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Sustainable success

College looks underground to heat, cool its buildings

Skidmore earns sustainability leadership award

Saturday, December 29, 2012
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Sustainable success


This geothermal “energy node” provides heat to the Arts Quad at Skidmore College in Saratoga Springs.
This geothermal “energy node” provides heat to the Arts Quad at Skidmore College in Saratoga Springs.

— While performances entertain or enthrall audiences at Skidmore College, science and technology will be keeping them comfortable.

The college has been honored with a Sustainability Leadership Award for expanding the use of geothermal heating and cooling systems in its buildings.

The award, from the Association for the Advancement of Sustainability in Higher Education, is for a new “district” geothermal system the college installed to serve four buildings, including the multimillion-dollar Arthur Zankel Music Center that opened in 2009.

The private college of 2,400 students on North Broadway started using geothermal heating systems in 2006 when the college’s Northwoods Village apartments were completed. Every few years another college building has been equipped with a geothermal unit, a system that taps into the steady temperatures deep below the earth’s surface to reduce heating and cooling costs.

The newest geothermal project will connect the college’s entire Arts Quad — the Zankel Music Center, the Filene building, the Bernhard Theater and the renovated Saisselin art building. The system currently heats and cools Zankel Music Center, with connection to the Arts Quad in the near future.

A total of 84 geothermal wells will provide heating and cooling for these buildings when the system in completed in 2013, according to college officials.

Contractors drill down between 400 and 500 feet, right through Adirondack bedrock, to where the temperature is a constant 50 degrees. A geothermal system consists of a heat pump, indoor duct work and a heat exchanger, which is a system of sealed pipes, four or six inches in diameter, that pumps a mixture of water and antifreeze through a closed loop. In the winter, the pump moves heated air through the indoor air system. In the summer, the process is reversed and the pump moves warm air from indoors back down into the ground.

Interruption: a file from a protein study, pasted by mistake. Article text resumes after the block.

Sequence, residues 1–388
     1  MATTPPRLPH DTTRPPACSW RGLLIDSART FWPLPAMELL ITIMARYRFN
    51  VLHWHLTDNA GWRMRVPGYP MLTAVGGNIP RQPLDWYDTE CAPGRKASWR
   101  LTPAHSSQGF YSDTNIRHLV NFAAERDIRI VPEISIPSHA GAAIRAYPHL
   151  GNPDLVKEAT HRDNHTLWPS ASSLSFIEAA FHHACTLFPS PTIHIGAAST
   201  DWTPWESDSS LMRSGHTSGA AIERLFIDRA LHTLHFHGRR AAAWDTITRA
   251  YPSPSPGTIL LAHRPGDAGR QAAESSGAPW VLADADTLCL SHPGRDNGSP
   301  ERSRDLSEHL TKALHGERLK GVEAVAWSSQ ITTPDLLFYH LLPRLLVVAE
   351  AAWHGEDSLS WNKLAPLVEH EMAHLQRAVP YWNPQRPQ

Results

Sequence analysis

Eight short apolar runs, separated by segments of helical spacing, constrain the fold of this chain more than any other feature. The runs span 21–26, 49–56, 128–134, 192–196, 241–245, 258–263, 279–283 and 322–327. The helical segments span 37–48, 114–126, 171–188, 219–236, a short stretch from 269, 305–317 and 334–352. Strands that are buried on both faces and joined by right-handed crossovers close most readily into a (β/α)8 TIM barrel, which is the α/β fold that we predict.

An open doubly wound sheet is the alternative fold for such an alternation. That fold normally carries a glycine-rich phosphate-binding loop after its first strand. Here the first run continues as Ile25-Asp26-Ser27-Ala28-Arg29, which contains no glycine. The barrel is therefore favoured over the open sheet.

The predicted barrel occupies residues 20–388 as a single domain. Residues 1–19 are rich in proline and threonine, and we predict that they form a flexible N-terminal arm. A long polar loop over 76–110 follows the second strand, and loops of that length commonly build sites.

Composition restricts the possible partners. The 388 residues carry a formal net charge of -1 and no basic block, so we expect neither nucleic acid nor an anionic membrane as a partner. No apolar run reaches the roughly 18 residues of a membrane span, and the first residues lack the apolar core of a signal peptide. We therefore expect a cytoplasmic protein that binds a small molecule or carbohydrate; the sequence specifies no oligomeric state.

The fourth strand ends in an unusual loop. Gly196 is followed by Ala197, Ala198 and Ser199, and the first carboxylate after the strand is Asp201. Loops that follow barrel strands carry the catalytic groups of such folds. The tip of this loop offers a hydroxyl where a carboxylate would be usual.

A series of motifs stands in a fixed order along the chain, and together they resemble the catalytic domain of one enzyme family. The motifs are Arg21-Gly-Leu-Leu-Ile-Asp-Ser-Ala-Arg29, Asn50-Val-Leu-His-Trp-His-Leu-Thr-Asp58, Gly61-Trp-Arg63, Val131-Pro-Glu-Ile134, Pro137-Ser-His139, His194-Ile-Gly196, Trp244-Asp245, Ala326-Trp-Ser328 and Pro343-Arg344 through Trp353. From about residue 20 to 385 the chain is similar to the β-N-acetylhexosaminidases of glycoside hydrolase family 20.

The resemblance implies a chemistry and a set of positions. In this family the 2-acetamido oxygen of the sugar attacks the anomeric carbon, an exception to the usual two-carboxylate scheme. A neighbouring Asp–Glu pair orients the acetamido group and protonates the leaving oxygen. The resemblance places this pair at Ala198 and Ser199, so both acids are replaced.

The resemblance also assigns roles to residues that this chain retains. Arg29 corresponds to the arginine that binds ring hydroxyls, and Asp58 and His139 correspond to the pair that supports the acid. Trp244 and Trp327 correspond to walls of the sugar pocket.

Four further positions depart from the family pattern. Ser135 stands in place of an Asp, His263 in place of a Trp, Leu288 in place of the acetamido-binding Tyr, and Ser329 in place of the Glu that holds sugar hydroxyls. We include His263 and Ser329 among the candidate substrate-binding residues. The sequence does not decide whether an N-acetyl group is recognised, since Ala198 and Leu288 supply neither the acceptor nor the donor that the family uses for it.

The college has continued to expand its use of geothermal as it replaces older heating systems.

Jared Fortna, senior engineer for Earth Sensitive Solutions LLC, which designed the Skidmore systems, said geothermal heating and cooling systems are not new.

“The technology has been around for 50 or 60 years,” Fortna said, “but in the last 10 years, it has really been making inroads. Colleges recognize their buildings will be around a long time.”

This means the systems have a long time to recoup the generally higher cost of installation.

Skidmore is just one of nearly a dozen colleges in the Northeast that have embraced geothermal technology, which also reduces the college’s carbon footprint.

“Our goal is to lessen Skidmore’s climate impact by using a renewable energy source and reducing our greenhouse emissions,” said Riley Neugebauer, Skidmore’s sustainability coordinator.

She said the existing geothermal system at Zankel Music Center has been so efficient that it never requires the use of a backup natural gas heating system.

“It covers the heating and cooling but not the domestic hot water use,” she said.